Anyway, now that my home here has been disappeared, I visit. I'm not invested anymore. If I have no use for a topic I don't click on it. Since I'm long retired, I like the retired life topics and there are a good variety. There are other boards I like, but they're not that active. Retirement stays pretty busy which makes it worth visiting.

Do I get irritated with posters here. Occasionally. Do I report anyone. No. (I did one time for a long advertisement for mail order drugs--new poster of course!) Context is important to me. You can have a differing opinion but it should be within the context of what's being discussed. You can be any age. I learn from all. But the view from 30 or 40 or 50 isn't the same as from 60 or 70 or 80. (I often say to a young person, "Talk to me again in 30 years!" ) The view from rich is not the same as the view from poor. The view from couplehood is not the same as that from single. Important to share and learn from others while remembering that not every retired person has the same life station or experience that you do.

One recent bugaboo. I have taken an interest in the Elder Orphan thread. Some good thoughts and issues on there. But it is off-putting and disjointing to read those normal concerns interspersed with posts by those who contemplate doing themselves in at the end of life. Some of them nowhere near their probable end of life. And not just entertaining the concept, but talking about the specific how-tos. I don't invalidate anyone's decision for their own life and I've known a few people who have suicided (one a fairly close friend with health problems). But then, I would appreciate these posts go in their own appropriately titled separate thread so I don't have to wade through them to get to the ones by people still focused on how to navigate their way as successfully as possible with living through their remaining years.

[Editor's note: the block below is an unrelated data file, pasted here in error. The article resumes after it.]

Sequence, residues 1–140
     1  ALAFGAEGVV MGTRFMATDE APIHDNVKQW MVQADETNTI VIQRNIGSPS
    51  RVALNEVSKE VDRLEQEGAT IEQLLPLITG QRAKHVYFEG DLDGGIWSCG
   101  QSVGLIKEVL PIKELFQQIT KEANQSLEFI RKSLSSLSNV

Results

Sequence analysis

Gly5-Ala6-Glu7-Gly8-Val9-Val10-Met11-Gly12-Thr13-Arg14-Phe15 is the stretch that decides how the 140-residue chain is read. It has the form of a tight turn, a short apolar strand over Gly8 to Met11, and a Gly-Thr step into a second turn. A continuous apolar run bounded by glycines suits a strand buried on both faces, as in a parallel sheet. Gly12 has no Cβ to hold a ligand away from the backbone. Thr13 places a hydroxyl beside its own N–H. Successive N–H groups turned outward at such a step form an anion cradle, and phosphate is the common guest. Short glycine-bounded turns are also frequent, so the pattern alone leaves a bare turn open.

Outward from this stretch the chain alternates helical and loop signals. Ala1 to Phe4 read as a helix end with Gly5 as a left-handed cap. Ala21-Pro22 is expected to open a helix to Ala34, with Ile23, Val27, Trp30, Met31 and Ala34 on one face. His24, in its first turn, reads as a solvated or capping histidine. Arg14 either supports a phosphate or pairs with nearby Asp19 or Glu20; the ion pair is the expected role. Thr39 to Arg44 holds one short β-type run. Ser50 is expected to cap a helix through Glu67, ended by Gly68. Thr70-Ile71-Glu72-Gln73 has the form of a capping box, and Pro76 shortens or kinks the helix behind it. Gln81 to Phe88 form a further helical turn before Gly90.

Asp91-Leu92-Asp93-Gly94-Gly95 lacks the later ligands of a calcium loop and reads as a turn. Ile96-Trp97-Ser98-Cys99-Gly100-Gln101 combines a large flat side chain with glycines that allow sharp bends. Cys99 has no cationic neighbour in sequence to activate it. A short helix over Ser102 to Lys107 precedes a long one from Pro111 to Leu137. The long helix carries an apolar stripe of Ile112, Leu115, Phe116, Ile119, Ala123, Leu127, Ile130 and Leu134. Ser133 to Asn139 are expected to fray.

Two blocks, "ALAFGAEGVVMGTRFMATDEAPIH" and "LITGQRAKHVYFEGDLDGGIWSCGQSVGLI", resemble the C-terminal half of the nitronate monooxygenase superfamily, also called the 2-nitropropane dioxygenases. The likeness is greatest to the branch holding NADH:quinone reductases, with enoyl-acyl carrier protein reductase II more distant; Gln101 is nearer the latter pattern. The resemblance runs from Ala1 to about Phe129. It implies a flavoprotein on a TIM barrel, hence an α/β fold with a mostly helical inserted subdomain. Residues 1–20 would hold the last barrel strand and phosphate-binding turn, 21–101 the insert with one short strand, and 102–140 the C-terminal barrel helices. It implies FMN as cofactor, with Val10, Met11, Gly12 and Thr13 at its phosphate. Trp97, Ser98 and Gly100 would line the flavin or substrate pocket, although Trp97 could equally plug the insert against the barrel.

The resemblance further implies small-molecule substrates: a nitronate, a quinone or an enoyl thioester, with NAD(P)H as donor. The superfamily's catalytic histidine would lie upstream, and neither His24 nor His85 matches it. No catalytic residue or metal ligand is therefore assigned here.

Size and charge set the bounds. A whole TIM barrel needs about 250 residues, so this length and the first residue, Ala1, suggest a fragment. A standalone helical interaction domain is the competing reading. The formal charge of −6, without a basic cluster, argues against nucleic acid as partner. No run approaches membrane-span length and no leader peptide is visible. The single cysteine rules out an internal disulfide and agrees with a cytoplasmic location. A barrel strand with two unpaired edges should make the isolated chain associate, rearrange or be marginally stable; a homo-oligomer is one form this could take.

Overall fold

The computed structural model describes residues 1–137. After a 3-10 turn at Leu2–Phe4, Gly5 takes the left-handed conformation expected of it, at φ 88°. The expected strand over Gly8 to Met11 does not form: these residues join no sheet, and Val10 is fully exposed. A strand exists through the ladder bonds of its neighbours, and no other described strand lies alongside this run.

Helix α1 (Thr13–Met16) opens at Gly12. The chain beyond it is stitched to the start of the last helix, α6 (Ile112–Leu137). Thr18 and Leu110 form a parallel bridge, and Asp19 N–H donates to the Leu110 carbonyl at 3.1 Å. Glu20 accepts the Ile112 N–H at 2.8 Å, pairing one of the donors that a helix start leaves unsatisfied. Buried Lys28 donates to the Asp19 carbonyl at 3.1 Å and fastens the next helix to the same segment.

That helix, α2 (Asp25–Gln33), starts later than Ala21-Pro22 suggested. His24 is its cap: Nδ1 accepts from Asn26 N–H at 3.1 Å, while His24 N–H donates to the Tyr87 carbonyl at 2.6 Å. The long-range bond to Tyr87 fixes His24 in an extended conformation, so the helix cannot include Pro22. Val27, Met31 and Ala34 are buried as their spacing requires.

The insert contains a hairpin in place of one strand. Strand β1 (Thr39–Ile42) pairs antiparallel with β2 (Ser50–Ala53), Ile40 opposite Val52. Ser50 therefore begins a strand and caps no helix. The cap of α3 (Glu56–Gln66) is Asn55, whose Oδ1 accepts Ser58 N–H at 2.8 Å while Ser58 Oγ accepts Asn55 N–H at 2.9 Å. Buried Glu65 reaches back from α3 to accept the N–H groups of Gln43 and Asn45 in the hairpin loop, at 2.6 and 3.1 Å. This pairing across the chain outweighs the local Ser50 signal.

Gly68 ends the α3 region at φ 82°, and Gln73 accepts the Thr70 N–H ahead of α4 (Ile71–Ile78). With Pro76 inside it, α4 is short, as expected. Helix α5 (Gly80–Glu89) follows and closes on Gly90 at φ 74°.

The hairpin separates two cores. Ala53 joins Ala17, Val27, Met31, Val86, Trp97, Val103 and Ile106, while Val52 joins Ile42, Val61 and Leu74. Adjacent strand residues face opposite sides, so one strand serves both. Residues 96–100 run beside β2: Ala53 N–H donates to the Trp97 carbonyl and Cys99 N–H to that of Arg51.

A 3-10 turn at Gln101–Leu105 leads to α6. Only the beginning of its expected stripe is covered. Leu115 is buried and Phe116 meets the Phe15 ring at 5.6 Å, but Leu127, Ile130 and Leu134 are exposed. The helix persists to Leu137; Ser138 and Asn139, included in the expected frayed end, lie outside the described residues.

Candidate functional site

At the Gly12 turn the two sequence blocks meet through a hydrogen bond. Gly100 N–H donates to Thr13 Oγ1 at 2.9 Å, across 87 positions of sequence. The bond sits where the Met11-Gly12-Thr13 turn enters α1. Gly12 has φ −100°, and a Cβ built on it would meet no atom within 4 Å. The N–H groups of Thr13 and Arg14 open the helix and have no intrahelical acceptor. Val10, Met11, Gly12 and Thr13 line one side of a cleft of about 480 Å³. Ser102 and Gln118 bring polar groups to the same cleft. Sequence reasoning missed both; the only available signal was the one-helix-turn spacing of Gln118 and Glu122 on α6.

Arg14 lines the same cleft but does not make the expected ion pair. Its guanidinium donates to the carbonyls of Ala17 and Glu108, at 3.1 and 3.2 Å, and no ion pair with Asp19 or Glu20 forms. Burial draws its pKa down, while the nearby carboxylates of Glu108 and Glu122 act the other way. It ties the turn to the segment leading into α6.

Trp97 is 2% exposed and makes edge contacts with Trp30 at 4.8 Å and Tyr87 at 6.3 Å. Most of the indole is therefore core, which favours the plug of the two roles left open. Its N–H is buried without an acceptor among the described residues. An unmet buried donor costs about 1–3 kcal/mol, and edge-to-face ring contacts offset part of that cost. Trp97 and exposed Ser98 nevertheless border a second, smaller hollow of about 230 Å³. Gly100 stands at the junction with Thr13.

Last edited by mollyblythe; 09-25-2017 at 03:41 PM..
Reply With Quote Quick reply to this message
 
Old 09-25-2017, 03:12 PM
 
6,313 posts, read 5,053,602 times
Reputation: 12820
Quote:
Originally Posted by Submariner View Post
In our small town, there are limited topics of conversation. medical problems [heart surgeries, diabetes and joint replacements], SSDI, restaurants that closed 30 years ago, hunting, fishing, rifle calibers, cars people owned in the 70s, and the politics of FDR.

Forums like this exist as a place to find sanity and a broader base for conversation.
OMG yes! All the people I hang out with all have some kind of illness. But that doesn't stop them - also all very involved in the community, but dang always harping about this person or that. And always raising money for something. That is what life revolves on around here.